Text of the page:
COOL CLASSES: “Critical Disability Studies: Theory and Practice”

This health studies course, inspired by interested students, features a semester-long project in partnership with the Center for Creative Works, a studio and teaching space for artists with intellectual and developmental disabilities.

Class name: “Critical Disability Studies: Theory and Practice”

Taught by: Visiting Assistant Professor of Writing and Director of the College Writing Center Kristin Lindgren


Here’s what Lindgren had to say about her class:       

In this new course, students engage with recent work in critical disability studies across a range of humanistic disciplines, including literary studies, visual studies, history, and philosophy. Drawing on these varied perspectives, we explore how disability theory and engaged community practice inform and shape one another. Along the way, we discuss the historical and theoretical development of the ideas of normalcy and disability; questions around ethical engagement with vulnerable subjects; the neurodiversity paradigm; the growth of disability arts and culture; and the relationship between disability, access, and exhibition practices. The course includes a semester-long project in partnership with the Center for Creative Works (CCW), a studio and teaching space in Wynnewood, Pa., for artists with intellectual and developmental disabilities.

Disability studies is inherently an interdisciplinary field. The diverse disciplinary backgrounds that students bring to the course enable us to ask how a disability studies perspective reframes questions we are asking across the divisions. Disability studies opens up new ways of approaching everything from neuroscience to ethnography to literary criticism. Our partnership with CCW, which involves weekly meetings in the bio labs at Haverford and the art studios at CCW, has been central to our conversations about creativity, neurodiversity, teaching and learning, identity and community. I hope students will bring questions raised in the course to work in their majors and to their careers in science, medicine, arts and humanities, social work, anthropology, and other fields.

This new course developed organically out of conversations with students who wanted to pursue further work in disability studies. Last spring, two biology majors, Lindsey Lopes ’16 and Sarah Waldis ’16, talked to me about doing an independent study that involved a community partnership. The Center for Creative Works was enthusiastic about working with us. Other students also approached me, including Courtney Carter ’17, who will curate our course exhibition, and Natalie DiFrank BMC ’17, who had previously worked with CCW. Eventually we decided to propose a course that would enable more students to join us in pursuing our shared interests in disability studies and community-based learning. Health Studies supported the idea, and we received funding through the Civic Engagement & Social Responsibility Initiative and the Hurford Center for the Arts & Humanities to support our community partnership and a final course exhibition and catalog. Lindsey and Sarah designed and led a fantastic BioArt project with our students and CCW participants. The KINSC and biology faculty offered us laboratory space, exhibition space, and logistical support. There are many moving parts to this course. It would not have come together without a lot of work and creative collaboration involving students, staff, faculty, and our partners at CCW.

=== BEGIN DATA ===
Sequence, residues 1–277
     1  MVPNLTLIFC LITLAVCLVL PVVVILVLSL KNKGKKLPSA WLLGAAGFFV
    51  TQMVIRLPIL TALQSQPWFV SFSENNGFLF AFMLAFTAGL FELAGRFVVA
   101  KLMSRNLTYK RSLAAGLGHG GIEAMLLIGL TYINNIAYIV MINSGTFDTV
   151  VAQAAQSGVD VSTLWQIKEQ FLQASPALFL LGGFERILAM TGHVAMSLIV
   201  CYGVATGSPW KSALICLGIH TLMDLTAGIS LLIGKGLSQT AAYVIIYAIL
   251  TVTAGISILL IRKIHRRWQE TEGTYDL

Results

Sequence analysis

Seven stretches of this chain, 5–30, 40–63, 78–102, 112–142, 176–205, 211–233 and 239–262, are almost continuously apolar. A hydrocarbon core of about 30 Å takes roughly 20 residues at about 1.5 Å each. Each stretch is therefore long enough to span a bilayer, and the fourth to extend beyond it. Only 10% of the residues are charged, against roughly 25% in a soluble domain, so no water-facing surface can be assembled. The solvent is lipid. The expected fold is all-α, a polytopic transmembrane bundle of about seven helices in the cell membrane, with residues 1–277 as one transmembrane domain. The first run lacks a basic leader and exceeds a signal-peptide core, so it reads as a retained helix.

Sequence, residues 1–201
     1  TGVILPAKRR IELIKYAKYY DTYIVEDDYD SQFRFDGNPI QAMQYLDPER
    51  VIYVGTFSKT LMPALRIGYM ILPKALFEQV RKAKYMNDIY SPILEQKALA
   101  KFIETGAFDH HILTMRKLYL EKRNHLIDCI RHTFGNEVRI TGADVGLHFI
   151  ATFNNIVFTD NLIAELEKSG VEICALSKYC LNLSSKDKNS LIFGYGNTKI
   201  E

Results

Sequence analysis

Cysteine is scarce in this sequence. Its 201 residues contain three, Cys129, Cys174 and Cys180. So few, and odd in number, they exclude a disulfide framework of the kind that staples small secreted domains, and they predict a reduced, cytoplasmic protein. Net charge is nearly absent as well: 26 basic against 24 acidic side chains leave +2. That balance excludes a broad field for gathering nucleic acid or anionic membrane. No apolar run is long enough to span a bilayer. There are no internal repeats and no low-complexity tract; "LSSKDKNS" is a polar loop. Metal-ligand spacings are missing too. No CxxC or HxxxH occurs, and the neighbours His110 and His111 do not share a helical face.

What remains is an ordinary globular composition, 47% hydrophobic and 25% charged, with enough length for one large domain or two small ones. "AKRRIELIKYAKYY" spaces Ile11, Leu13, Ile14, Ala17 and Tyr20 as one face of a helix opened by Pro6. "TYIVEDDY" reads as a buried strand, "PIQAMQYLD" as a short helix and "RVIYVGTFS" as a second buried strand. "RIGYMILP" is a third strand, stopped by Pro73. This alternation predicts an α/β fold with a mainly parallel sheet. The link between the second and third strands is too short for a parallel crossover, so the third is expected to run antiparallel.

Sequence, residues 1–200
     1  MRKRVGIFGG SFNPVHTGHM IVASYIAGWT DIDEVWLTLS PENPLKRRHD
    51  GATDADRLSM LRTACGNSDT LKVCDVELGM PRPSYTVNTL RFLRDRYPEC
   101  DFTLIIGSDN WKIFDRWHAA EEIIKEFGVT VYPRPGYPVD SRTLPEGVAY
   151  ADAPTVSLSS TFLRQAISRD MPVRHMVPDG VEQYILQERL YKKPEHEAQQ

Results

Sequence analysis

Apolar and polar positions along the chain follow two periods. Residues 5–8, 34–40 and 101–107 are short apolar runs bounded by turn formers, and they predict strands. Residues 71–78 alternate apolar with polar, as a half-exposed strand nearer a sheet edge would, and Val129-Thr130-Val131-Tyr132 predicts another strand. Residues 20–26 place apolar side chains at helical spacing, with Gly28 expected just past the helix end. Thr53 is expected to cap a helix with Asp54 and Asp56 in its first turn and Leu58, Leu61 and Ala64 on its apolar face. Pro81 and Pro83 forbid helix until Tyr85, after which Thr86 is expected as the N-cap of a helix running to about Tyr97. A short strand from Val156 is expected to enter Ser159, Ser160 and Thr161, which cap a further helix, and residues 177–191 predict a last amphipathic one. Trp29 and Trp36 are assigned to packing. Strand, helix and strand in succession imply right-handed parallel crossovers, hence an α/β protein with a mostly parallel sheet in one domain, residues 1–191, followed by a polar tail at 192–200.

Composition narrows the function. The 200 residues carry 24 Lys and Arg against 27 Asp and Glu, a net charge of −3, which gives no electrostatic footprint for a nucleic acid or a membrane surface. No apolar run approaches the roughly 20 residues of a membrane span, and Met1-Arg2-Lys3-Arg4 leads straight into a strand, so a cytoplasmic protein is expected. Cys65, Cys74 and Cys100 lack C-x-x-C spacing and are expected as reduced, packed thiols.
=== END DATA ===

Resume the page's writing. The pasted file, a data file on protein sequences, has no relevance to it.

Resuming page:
The finished BioArt projects of the group. Photo by Caleb Eckert '17.
The finished BioArt projects of the group. Photo by Caleb Eckert ’17.


See what other courses the Health Studies Program is offering this semester.

Photo of Jacob Berger and Lindsey Lopes ’16 working on a BioArt project together by Caleb Eckert ’17.

Cool Classes is a series that highlights interesting, unusual, and unique courses that enrich the Haverford experience.